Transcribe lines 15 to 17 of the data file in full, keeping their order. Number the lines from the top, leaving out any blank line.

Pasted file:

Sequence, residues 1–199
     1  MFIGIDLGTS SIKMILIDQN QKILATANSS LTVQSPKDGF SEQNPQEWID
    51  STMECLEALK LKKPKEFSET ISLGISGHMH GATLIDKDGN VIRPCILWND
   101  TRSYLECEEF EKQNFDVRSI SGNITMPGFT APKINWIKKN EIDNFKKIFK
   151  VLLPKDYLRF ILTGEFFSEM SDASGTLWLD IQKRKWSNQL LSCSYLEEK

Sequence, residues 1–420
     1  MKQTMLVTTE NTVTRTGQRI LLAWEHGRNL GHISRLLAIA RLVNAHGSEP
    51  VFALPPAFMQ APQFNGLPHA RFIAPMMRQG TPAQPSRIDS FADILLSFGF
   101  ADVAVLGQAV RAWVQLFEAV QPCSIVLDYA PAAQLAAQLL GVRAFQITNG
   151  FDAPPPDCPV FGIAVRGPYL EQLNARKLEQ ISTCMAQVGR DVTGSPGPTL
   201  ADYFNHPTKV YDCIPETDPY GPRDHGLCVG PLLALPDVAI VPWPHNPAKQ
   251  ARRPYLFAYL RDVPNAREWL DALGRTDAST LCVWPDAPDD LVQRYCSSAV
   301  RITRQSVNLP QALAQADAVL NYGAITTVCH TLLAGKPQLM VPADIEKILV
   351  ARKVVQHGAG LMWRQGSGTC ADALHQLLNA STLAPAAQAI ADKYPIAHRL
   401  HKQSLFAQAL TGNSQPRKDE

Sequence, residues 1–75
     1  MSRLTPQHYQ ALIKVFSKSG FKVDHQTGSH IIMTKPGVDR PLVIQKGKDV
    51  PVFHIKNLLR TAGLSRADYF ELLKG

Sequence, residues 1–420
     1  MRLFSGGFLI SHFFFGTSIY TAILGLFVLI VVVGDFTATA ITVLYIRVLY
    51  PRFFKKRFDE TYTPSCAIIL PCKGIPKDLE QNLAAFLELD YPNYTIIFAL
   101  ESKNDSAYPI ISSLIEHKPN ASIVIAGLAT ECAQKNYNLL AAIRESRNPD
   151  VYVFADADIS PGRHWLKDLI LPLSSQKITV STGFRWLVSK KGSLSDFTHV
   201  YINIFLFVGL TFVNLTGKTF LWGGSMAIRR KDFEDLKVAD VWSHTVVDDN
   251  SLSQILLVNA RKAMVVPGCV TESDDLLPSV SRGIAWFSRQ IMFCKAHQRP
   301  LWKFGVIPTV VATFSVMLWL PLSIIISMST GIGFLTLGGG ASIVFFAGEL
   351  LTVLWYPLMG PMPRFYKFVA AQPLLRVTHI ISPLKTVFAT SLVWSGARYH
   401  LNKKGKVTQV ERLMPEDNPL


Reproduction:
   401  HKQSLFAQAL TGNSQPRKDE

Sequence, residues 1–75
     1  MSRLTPQHYQ ALIKVFSKSG FKVDHQTGSH IIMTKPGVDR PLVIQKGKDV